This conduct also reflects poorly on us

It’s tempting to issue a disclaimer.
That is, any resemblance to another living politician,  is entirely coincidental and unintentional. But we won’t. And for the record, we believe no one is above the law, including Gov. Jim Justice.
Last week, federal officials filed a $4.8 million lawsuit against 23 companies owned by Justice and his family.
That’s not to be confused with the $3.7 million in delinquent taxes that Justice’s companies owed as of January to 10 Tennessee, Virginia and Kentucky counties.
Or reports that Justice or one of his many companies owe millions in unpaid lawsuit judgments or have stiffed vendors.
Not to mention, those pesky subpoenas from federal agencies looking into Justices taxes and ties between state agencies and his businesses.
In this latest statewide embarrassment, it turns out Justice’s companies have failed to even respond to nearly 2,300 citations for mine violations from 2014 to now.
We realize many people take an attitude of indifference or ignorance toward citations, debts and delinquent taxes.
But they are not the state’s governor and none of them certainly will ever  be afforded the luxury of extended negotiations to cut a deal.
Don’t believe us? Don’t try this, but go a couple of months, or longer,  without paying your mortgage, your income taxes, or just forget   those nine moving vehicle violations.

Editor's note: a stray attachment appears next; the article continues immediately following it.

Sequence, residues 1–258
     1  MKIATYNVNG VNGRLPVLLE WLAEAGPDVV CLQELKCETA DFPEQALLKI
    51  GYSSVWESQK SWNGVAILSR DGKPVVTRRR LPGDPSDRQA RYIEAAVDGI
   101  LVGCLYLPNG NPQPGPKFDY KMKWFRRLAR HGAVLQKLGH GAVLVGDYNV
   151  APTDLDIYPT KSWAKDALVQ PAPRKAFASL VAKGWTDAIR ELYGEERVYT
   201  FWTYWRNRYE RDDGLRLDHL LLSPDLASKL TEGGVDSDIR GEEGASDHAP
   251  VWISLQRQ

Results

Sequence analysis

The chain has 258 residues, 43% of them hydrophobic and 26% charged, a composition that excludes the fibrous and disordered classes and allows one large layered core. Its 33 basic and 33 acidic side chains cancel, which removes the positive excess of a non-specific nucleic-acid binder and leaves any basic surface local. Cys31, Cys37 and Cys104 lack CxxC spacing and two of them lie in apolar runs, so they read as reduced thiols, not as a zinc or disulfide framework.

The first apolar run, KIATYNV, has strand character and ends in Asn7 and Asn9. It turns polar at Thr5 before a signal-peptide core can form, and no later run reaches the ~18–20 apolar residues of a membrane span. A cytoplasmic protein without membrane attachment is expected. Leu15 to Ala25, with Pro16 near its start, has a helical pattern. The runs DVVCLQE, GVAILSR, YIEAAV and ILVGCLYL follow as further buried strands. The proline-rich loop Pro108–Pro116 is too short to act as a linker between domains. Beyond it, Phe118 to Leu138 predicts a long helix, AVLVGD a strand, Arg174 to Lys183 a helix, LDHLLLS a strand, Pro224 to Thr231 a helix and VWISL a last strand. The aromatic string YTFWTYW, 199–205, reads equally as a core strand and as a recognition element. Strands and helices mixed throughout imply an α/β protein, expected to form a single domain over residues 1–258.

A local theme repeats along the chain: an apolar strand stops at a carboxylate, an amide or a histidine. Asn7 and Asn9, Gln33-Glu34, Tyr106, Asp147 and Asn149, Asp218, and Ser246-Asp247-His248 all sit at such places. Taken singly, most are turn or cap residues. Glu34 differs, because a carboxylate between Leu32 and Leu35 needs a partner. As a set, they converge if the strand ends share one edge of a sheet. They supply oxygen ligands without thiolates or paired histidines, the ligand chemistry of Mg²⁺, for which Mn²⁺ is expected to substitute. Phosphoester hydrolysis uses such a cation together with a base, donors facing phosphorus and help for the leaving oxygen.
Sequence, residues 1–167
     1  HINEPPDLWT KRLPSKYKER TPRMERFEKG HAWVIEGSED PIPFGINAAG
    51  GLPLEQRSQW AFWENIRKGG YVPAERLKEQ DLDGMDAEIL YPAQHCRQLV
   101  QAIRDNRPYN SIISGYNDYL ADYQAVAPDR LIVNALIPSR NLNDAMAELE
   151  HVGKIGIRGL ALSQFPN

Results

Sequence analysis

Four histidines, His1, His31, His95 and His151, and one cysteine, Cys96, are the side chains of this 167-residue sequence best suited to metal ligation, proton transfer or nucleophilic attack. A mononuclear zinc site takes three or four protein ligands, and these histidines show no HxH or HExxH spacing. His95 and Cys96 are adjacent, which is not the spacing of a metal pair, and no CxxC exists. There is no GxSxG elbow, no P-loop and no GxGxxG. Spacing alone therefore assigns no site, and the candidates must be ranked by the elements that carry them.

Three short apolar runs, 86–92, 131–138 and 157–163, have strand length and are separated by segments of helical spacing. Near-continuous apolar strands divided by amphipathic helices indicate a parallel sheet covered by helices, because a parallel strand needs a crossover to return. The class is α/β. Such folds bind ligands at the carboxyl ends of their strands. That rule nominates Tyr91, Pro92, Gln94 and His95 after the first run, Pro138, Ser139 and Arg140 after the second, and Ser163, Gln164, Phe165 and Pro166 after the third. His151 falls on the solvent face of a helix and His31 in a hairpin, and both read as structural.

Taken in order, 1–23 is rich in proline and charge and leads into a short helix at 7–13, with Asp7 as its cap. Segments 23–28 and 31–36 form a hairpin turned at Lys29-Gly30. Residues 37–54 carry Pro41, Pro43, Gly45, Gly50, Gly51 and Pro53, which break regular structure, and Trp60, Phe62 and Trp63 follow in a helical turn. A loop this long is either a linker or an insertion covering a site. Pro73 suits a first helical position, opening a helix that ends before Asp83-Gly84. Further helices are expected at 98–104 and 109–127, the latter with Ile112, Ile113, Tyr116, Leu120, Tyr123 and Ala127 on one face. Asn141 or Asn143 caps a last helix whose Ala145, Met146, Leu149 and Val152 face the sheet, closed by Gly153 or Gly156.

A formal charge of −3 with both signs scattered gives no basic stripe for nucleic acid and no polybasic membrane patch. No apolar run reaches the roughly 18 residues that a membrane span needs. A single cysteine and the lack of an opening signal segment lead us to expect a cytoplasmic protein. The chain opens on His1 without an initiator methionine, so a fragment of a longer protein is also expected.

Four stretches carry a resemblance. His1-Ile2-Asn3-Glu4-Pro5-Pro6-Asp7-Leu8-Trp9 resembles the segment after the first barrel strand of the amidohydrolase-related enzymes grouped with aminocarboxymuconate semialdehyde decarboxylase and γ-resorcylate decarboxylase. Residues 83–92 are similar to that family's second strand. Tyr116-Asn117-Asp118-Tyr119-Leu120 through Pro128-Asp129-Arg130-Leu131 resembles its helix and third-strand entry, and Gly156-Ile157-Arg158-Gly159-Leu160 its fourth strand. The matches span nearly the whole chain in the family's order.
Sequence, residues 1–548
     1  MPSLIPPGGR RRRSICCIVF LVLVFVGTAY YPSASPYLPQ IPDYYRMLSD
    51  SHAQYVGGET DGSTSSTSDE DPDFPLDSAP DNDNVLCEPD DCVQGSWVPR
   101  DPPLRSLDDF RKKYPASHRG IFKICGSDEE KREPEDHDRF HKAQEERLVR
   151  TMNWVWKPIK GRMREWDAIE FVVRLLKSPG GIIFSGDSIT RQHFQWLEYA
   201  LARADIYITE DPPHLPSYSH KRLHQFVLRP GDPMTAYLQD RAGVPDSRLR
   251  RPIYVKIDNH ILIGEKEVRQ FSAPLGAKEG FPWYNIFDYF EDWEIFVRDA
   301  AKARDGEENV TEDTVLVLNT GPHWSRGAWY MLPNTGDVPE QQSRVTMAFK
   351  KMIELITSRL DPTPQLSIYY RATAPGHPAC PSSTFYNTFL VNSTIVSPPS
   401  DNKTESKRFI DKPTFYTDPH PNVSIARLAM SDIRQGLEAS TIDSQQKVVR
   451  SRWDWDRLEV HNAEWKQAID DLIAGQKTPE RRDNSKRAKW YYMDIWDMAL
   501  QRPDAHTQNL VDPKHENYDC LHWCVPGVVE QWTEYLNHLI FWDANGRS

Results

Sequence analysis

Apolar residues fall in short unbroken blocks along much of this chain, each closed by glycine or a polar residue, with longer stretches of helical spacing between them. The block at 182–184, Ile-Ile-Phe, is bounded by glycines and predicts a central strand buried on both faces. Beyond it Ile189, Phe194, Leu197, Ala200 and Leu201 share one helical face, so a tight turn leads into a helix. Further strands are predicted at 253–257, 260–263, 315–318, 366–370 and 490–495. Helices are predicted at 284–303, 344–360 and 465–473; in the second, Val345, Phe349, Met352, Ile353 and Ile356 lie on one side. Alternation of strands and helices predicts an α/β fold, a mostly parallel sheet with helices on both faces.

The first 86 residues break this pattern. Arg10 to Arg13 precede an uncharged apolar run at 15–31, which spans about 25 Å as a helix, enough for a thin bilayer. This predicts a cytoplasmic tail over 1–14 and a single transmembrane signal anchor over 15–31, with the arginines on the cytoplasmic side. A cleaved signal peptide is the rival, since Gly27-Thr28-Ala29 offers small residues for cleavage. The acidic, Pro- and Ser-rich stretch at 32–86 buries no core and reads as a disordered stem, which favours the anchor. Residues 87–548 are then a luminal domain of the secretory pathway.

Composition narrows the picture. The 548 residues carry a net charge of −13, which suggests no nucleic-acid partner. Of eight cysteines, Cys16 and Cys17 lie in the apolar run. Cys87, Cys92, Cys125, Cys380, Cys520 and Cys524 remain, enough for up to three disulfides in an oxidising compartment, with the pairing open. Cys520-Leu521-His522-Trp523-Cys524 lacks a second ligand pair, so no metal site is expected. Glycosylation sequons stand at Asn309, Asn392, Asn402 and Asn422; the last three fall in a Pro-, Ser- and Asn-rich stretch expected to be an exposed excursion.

It’s unacceptable the governor and his family have for years not even responded to these mine violations.
After all, he could at least follow the  tried and true routine for some mine operators: Wait until penalties are final then challenge them and appeal.
In other words, seek to negotiate the penalties  and drag out the cases for as long as possible. Sometime those negotiations result in the mine operators paying a lot less on the dollar or buy them time to bolster their bottom lines.
In Justice’s companies’ case, it’s not just a matter of not paying the fines, but not even responding to contest these  Mine Safety and Health Administration citations. MSHA, after several demands in letters, turned the issue over to the Department of the Treasury.
Treasury also sent letters and turned the matter over to debt collectors and its primary debt collection program.
Next up, the Department of Justice is charged with settling this score and sends further letters, to no avail.
Finally, a lawsuit is filed in federal court by the U.S. attorney’s office.
We now wonder if the U.S. attorney wins this case will Justice’s companies pay up then?
Could he shoot someone at the corner of Greenbrier and Virginia streets and not matter?
There’s no need to speculate what this pattern of behavior says about our governor. It’s self-evident.
The question is: What does this say about us?

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